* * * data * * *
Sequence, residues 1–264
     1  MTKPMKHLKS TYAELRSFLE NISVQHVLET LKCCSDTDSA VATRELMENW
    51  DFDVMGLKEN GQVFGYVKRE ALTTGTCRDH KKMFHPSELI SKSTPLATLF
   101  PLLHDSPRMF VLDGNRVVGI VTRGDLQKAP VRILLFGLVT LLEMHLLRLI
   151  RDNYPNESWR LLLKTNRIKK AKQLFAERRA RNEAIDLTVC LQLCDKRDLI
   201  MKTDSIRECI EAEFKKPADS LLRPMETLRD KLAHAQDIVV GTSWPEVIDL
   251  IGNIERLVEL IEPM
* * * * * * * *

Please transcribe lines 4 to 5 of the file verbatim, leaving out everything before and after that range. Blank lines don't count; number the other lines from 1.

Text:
   101  PLLHDSPRMF VLDGNRVVGI VTRGDLQKAP VRILLFGLVT LLEMHLLRLI
   151  RDNYPNESWR LLLKTNRIKK AKQLFAERRA RNEAIDLTVC LQLCDKRDLI